Denaby Pony Driver’s Death – Iron and Wooden Lockers – Youth’s Sad Indiscretion

August 1926

Mexborough & Swinton Times, August 6, 1926

Denaby Pony Driver’s Death.
Iron and Wooden Lockers.
Youth’s Sad Indiscretion.

Witnesses disagreed about ‘lockers’ at an inquest of Josiah Webb (18), pony driver of Cusworth Street, New Conisborough, held on Friday at the Denaby Main Hotel. A contractor who was working near the scene of the accident said that only one iron locker was available in that district, but an iron locker which was given to them when going to work.

The Coroner (Mr. F. Allen) explained that in January 15th Webb was taking a run of six full tubs down an incline, the gradient of which was about one in thirty. He placed a wooden locker in a wheel of the last tub. Webb was riding on the chain between the pony and the first tub, which was an authorised proceeding at the time. Unfortunately the locker broke and the tubs became uncoupled, and ran away about 70 yards, and collided with another train at the bottom, standing in a pass-by. Webb, who was severely crushed, was taken to the Fullerton Hospital for six months, and then was taken home, where he died a month later.

A Wooden Locker.

Harry Farmer, contractor, of Balby Street, Denaby, said the tubs in Webb’s charge had gone about eight yards when he heard the locker break. Witness knew it was customary for runs of 12 tubs to have an iron and a wooden locker in a wheel. This one of six tubs had only a wooden locker.

Witness said that after the accident there was a general order to pony drivers forbidding them to ride on tube. Before the accident, he added, there was a scarcity of iron lockers, but now there were plenty.

Answering Mr. H. S. Scott (H.M. Inspector of Mines), witness said he was present when the tubs began their journey, and knew that only one locker was used.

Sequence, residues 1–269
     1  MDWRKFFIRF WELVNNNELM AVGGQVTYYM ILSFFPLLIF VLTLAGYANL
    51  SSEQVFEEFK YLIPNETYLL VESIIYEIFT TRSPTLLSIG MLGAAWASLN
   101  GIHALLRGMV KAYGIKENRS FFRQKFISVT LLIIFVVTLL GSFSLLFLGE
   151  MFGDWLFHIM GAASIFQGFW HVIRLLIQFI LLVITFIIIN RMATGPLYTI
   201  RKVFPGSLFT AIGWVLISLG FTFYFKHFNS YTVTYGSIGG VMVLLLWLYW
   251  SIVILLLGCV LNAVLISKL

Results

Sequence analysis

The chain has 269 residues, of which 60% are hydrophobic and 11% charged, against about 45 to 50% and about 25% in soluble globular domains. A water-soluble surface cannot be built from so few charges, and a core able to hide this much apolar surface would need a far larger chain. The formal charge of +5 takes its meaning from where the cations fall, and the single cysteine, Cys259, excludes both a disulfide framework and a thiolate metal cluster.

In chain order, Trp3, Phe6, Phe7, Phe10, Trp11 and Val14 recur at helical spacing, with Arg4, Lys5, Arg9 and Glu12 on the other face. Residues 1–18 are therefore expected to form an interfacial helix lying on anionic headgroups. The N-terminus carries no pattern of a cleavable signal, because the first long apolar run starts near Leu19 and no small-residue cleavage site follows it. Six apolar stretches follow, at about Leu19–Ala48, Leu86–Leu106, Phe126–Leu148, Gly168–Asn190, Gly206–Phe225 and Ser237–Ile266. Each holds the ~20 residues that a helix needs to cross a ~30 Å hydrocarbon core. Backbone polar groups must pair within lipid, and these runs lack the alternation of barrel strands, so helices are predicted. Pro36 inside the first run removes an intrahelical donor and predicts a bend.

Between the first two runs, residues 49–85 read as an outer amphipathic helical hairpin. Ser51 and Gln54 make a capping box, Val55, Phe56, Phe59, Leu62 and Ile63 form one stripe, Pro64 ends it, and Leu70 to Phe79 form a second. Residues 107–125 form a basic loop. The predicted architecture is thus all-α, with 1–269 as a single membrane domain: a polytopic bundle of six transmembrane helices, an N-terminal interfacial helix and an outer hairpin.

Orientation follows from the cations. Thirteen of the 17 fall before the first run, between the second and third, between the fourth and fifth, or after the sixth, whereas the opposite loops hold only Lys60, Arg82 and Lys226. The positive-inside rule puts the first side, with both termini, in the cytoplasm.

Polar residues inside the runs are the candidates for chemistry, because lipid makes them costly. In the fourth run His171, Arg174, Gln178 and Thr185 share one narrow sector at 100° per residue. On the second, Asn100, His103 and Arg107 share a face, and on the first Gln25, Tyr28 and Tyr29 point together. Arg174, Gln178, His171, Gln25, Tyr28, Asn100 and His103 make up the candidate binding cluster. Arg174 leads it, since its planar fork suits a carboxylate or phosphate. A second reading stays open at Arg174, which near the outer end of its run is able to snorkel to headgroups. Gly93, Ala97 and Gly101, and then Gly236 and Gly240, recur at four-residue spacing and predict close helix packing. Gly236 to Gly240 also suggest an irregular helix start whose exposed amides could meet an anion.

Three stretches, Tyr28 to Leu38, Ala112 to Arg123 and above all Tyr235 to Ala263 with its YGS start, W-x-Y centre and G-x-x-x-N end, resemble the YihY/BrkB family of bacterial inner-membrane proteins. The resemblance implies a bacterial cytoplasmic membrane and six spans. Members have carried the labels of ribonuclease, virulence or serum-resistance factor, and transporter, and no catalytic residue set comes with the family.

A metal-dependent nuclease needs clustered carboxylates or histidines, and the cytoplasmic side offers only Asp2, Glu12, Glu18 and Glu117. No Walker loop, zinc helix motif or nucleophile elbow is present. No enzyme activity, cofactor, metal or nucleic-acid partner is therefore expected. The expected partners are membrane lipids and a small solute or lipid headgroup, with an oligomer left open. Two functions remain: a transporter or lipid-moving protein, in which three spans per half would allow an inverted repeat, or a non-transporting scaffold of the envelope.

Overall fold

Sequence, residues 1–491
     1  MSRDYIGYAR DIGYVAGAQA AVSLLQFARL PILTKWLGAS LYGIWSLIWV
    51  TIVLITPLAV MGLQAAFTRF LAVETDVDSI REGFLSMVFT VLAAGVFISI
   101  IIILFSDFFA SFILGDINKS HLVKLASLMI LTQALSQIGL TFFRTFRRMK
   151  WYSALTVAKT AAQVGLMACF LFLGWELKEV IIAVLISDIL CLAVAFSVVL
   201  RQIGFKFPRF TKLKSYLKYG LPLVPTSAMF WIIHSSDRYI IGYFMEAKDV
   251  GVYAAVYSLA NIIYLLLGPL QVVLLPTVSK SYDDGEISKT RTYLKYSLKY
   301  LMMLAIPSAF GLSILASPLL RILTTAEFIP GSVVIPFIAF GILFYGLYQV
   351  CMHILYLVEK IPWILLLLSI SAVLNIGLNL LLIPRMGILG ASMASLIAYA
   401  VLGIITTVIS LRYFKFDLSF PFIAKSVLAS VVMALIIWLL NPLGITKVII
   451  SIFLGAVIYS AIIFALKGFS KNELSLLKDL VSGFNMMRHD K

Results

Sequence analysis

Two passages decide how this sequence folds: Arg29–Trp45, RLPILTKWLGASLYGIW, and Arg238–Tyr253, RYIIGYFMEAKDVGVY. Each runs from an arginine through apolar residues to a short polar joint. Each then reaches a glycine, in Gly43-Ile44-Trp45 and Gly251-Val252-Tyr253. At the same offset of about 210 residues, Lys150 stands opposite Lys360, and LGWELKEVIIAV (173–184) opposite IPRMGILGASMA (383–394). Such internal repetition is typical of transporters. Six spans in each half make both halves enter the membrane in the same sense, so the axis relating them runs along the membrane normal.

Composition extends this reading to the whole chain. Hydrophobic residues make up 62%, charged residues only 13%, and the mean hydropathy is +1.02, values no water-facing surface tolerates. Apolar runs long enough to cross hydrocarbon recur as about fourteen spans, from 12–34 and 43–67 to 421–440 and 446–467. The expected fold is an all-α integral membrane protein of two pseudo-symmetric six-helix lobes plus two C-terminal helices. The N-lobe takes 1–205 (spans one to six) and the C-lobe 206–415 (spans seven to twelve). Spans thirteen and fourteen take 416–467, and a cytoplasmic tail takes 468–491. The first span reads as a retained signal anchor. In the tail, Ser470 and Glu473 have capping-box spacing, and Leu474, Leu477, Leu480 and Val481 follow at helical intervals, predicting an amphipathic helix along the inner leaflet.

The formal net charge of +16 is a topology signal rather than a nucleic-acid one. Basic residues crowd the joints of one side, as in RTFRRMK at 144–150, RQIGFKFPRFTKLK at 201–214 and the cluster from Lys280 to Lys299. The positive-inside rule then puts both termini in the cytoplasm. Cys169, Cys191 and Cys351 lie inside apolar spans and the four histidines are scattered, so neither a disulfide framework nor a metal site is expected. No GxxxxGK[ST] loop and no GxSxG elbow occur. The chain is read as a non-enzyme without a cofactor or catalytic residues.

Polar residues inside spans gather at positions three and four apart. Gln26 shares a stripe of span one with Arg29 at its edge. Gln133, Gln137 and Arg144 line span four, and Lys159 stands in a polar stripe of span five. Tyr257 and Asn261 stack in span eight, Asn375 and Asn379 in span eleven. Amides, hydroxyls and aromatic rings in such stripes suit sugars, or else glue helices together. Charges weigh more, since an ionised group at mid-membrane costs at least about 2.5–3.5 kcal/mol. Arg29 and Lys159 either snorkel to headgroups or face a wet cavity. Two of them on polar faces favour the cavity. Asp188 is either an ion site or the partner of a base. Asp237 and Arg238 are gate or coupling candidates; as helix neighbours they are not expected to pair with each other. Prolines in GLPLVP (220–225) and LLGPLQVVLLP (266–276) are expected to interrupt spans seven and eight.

Answering Mr. H. Hulley (manager of Cadeby Colliery) witness said there was only one iron locker in the place at the time of the runaway.

Mr. Hulley: Supposing the corporal says there were more, what would you say?

Mr. Hulley: I don’t think you are justified in saying that.

Mr. Scott: Do you consider a wooden locker to be safe?

Witness: Certainly not, after this.

Mr. Scott: Why did you not say something to the lad when you saw him going off with only a wooden locker?

Witness: I should have been saying it for a long time past.

John Wade, corporal, Pitt Street, Mexborough, said that there would be about 20 drivers, and each one was given an iron locker on going into the workings.

The Coroner: Is it common for the boys to forget the iron lockers after tubs have been brought down? – Yes.

Then they walk back up the incline, and bring the tubes down with only a wooden locker? – Yes.

Answering: Hulley witness said he saw Webb with an iron locker on the day of the accident. There was no shortage of them.

Dr. Ford said that Webb was admitted to the hospital on January 15th last, and he was suffering from a fractured thigh and injures to the abdomen. Death was due to sceptic absorption.


The Coroner, summing up, said that a pony driver should always have an iron locker with him. The witness, Farmer, appeared to have a bit of prejudice and to be anxious to suggest that there was a shortage of iron lockers. He had given his evidence with much warmth. The corporal, however, said emphatically that there were plenty of iron lockers. If the jury believed Farmer’s evidence, it would be a serious matter for those responsible. The evidence showed to him that there had been an accident resulting from the indiscretion on the part of the lad, who did not realise the danger. The jury would note from the evidence that the riding on tubs had since been forbidden, and the manager told him there was a previous order against this.

The jury, returning a verdict of ‘Accidental death,’ said that they accepted the corporal’s evidence, and that the accident arose through not putting in an iron locker.